Europe has avoided—for now—the drama of a Greek exit from the euro thanks to Greece electing a party that broadly backs its bailout terms. Europe has bought time in the face of crisis, but the same deep-rooted problems remain.
Europe buys more time
The Greek vote for New Democracy, the party most supportive of the bailout conditions, is an enormous relief for the region and the global economy. The alternative may have been Greece crashing out of the eurozone.
Although a Greek exit is still possible, the recent election somewhat lowers the risk in the short term. Athens has established a coalition, but Greece does not have a strong history of coalition politics. Furthermore, social unrest is already widespread and violent. An escalation in response to more austerity could be politically very destabilizing. Greece still has to negotiate its austerity plan with the European Union, the European Central Bank and the International Monetary Fund, and is due to reimburse 3.2 billion euros of its loans this month. If discussions are prolonged, the tightening squeeze on public finances will intensify.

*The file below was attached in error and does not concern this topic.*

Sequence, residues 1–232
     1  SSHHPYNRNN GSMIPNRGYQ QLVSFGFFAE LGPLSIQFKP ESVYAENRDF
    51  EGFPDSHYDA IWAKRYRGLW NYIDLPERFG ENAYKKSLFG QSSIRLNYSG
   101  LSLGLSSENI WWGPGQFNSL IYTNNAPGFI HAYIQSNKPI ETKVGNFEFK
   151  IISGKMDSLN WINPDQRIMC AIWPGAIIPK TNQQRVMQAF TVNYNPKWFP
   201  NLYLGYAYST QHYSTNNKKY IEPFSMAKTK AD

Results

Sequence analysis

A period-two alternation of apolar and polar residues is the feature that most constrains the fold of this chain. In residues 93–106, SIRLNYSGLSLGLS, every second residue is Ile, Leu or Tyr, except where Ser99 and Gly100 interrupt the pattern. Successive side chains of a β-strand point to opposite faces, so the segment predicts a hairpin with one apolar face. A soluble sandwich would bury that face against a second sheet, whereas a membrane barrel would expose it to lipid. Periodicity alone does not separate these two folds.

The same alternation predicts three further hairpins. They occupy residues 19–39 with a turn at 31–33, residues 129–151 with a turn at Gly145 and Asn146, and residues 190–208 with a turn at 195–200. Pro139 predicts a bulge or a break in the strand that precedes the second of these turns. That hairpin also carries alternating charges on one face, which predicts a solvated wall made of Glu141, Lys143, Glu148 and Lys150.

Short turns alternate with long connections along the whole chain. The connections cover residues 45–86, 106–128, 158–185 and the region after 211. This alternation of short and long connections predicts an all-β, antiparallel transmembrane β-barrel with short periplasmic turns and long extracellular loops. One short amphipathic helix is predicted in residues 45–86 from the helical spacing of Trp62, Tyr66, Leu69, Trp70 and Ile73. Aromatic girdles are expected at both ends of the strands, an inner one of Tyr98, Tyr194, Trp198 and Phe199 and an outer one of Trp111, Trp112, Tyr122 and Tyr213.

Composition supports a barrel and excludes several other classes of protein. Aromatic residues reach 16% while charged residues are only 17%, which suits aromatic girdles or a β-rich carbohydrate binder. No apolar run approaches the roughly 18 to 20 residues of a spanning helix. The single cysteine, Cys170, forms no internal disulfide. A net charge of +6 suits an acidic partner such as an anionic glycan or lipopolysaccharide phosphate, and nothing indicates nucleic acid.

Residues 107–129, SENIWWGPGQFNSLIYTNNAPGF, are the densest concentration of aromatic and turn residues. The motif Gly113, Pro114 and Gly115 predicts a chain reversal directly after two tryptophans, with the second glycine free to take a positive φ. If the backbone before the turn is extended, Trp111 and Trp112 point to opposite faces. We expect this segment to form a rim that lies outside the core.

Furthermore, the somewhat overshadowed outcome of French parliamentary elections—a resounding victory for Francois Hollande’s Socialists—should pave the way for calmer political waters as the pre-election political posturing subsides. Hollande’s anti-austerity positioning, at odds with Angela Merkel’s agenda, may still be damaging to progress in Europe, but a strong majority behind him in France should allow him room to maneuver internationally.
Hollande’s growth agenda has made some progress. The promotion of spending in infrastructure-related projects for the equivalent of a mere 1% of GDP is not a bad development, but lacks two things: size and speed of impact. Merkel wants to support growth in her own way, but she wants to do it through reforms that promote structural and sustainable growth. She also wants further political, fiscal and banking integration to force accountability and some level of control—a logical goal given the circumstances.
Break-up is too costly